This post is dedicated to the parents who lost their babies in Newtown, Connecticut today. 18 babies died in their classroom at Sandy Hook Elementary School when a gunman deliberately came into their classroom and murdered these innocent children.
Rest in peace baby boys and baby girls. My Prince is waiting for you in heaven to show you the ropes, give you a big hug, and welcome you home. You were loved and you will be missed.
Tonight, several parents join a club that no parent wants to join. I call it the “Lost Child Club”. This group of parents are forced to live life as parents without their children. These parents woke up one morning with healthy children, and are now going to have to go to sleep knowing that they will never see them again. Unfortunately, I can imagine how these parents feel. While my son was not killed in a mass shooting, I remember how I felt when I realized that my Prince would never wake up again. A part of me died that night with him as I know is the case for all of the families who have lost their babies tonight.
I joined this club nearly eight weeks ago when my son died tragically and suddenly during an unsupervised visit with his father. Before Prince died, I could never have imagined being a part of this club. I wouldn’t have signed up, nor would I have wished membership on anyone. I knew I was not the first parent to lose their child in a tragic way, but after it happened – I hoped that I would be the last.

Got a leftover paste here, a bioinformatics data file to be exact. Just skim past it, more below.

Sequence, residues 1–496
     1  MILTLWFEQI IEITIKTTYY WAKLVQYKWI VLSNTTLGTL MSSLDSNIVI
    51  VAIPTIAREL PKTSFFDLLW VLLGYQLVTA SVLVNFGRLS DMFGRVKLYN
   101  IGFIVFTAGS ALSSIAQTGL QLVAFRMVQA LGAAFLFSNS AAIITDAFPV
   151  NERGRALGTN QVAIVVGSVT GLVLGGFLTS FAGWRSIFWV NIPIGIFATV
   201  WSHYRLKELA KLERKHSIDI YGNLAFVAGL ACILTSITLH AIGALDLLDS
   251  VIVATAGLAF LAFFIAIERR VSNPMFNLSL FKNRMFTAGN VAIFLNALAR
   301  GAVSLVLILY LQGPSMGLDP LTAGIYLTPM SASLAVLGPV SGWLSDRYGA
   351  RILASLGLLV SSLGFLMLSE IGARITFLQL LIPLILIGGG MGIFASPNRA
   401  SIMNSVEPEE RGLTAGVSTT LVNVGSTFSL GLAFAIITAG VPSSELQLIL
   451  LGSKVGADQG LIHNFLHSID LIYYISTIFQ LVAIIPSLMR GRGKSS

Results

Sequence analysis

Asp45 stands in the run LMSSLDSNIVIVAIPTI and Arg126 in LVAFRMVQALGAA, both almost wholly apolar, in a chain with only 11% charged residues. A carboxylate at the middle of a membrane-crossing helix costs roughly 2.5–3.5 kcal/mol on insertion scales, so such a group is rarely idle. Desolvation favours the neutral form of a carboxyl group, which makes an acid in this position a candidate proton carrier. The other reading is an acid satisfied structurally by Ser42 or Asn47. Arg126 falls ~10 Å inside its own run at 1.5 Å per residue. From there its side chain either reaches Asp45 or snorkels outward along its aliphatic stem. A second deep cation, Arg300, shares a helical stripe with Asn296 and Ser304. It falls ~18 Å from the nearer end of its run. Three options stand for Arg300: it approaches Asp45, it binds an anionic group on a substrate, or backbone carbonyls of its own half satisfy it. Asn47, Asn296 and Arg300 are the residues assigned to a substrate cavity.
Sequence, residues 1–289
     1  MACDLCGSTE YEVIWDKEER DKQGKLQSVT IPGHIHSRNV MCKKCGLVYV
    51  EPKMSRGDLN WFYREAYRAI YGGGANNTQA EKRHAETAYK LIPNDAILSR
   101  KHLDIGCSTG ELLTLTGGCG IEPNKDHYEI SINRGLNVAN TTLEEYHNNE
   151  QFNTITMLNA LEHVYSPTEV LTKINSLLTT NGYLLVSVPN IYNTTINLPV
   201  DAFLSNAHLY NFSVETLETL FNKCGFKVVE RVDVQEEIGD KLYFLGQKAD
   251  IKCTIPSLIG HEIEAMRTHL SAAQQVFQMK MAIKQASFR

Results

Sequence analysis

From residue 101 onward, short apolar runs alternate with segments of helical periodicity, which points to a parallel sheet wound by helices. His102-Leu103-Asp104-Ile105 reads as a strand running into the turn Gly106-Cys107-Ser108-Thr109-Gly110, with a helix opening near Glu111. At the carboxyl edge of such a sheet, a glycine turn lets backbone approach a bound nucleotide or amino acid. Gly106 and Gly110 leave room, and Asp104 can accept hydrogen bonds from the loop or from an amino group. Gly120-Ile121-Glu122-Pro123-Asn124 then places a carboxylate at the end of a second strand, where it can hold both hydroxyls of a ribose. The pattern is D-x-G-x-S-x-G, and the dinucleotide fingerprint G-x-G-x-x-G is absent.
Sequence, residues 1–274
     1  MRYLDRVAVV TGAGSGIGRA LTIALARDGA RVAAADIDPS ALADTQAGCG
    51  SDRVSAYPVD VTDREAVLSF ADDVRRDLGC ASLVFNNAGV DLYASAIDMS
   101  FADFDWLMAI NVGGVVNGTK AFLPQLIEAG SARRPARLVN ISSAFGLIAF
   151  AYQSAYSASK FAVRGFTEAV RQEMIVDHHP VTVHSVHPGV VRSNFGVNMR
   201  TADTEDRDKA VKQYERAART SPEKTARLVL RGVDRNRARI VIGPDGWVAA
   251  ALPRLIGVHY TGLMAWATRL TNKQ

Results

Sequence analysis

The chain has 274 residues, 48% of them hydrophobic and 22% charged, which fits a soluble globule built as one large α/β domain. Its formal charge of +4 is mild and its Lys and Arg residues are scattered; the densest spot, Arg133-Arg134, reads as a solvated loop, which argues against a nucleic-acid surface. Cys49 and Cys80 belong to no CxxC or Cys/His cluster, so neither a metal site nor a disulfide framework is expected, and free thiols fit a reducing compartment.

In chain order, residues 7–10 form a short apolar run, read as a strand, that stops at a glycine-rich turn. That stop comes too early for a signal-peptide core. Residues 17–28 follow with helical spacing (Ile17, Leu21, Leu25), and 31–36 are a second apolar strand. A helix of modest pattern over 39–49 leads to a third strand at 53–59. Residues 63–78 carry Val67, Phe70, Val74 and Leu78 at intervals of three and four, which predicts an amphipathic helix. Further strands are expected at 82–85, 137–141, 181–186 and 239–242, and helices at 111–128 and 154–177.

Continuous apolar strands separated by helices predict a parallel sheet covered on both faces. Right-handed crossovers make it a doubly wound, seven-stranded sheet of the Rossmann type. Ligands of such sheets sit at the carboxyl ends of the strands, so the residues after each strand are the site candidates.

A loss for the right words:
When I first heard about this tragedy I was on my way to meet with someone who I had identified to help me with my case. I needed someone who could help me in my fight for justice. For the last two days, I have been practicing what to say in this particular meeting. I needed someone who could add some teeth to my fight and this guy was the guy to do that. After hearing this news, however, my “speech” fell apart. Hearing this news brought me back to how I felt the night I lost Prince. So instead of the grand speech that I had prepared, I said something like the following:
“I had something to say – I had planned a speech. I just heard the disturbing news about a shooter who killed an entire class full of babies. I have no words right now that sound right. I need your help. My son died and I need your help.”